Since joining the motherhood club I’ve been bombarded by a slew of companies trying to sell me stuff. They are fully aware that new parents are at a crossroads in their lives, and they have this one window in time in which to win us over as a buyer for all the diapers and wipes and food and toys that we will purchase for the next five years. I won’t bore you with the statistics, but they know we are each worth tens of thousands of dollars. And they’re right.
But we have to get these things somehow, so they might as well be the ones to service us and feed our growing families, right? Sure, but the problem arises when these businesses can’t return the favor with an hospitable environment for the kids and babies they’re benefiting from. Let me bring this message home. Several Knoxville companies have been very helpful to me and my husband, as we’ve carted the little one into restaurants, gotten our grocery shopping done and otherwise accomplished all the things that have to be done to manage a household. But there have been a few that have, unfortunately, handled things oh so wrong.
There was a little run in at a particular store involving an impatient employee who couldn’t handle my crying baby. When I asked to have a moment to soothe him she suggested I come back when I could “get a babysitter.” I gently explained that I am the babysitter. He was 6 weeks old at the time, and no, we were not in a place where the crying could be heard by other customers.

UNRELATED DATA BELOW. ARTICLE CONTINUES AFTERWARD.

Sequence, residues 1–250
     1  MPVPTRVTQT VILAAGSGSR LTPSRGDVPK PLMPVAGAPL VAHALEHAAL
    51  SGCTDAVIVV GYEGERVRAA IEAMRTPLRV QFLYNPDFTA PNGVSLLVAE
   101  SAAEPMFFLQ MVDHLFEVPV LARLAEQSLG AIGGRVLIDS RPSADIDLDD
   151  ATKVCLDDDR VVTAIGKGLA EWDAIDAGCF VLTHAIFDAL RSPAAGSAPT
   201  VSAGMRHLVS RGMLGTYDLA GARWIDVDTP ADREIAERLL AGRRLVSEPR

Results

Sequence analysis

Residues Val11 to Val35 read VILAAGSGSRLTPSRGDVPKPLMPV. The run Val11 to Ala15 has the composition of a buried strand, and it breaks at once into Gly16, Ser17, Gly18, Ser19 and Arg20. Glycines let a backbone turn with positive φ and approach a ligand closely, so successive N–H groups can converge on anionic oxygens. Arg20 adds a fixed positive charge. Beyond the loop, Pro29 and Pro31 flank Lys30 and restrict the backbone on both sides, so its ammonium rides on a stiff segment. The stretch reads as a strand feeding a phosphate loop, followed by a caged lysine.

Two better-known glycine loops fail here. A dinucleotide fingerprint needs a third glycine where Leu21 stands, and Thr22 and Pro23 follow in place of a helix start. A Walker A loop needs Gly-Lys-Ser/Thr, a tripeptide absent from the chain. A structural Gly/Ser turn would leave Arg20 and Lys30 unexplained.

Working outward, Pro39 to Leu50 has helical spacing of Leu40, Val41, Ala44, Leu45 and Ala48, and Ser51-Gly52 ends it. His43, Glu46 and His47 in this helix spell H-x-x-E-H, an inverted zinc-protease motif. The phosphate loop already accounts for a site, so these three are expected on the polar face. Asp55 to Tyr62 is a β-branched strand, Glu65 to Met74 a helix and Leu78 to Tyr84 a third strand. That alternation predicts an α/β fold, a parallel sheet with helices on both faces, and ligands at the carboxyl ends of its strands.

At another local restaurant, I asked if there was a place to breastfeed my child while we waited for a table. I was told, “I don’t know. Use the bathroom.” Yes, because that’s a great place in which to feed an infant. I walked upstairs and found an available and discreet bench that could have been easily suggested.
OK, so enough focusing on the few times the service fell flat. All done. Regardless of which side you fall on – some would say it’s not a restaurant’s job to provide an area for nursing – there are some basic reasons Knoxville businesses need to listen up and we, as moms and dads, need to demand respect.
What’s our message to businesses? Try this on for size: If it’s not enough that being nice to mamas and daddies is the right thing to do for your brand, know that doing the alternative hits your bottom line and you will likely pay dearly.
This is not a threat. It’s just what the statistics are saying.
So this is my call to all you Knoxville mamas. Wear the influence you have, and wear it proudly. You are one of the biggest reasons American companies thrive. Just take a look at some of the stats:
– Moms represent $2.4 trillion in spending
– Moms mention brands an average of 73 times per week compared with just 57 times per week among males
– 90% of moms are online vs. just 76% of women in general (that means we will write and read reviews that influence buying behavior)
– 64% of moms ask other mothers for advice before they purchase a new product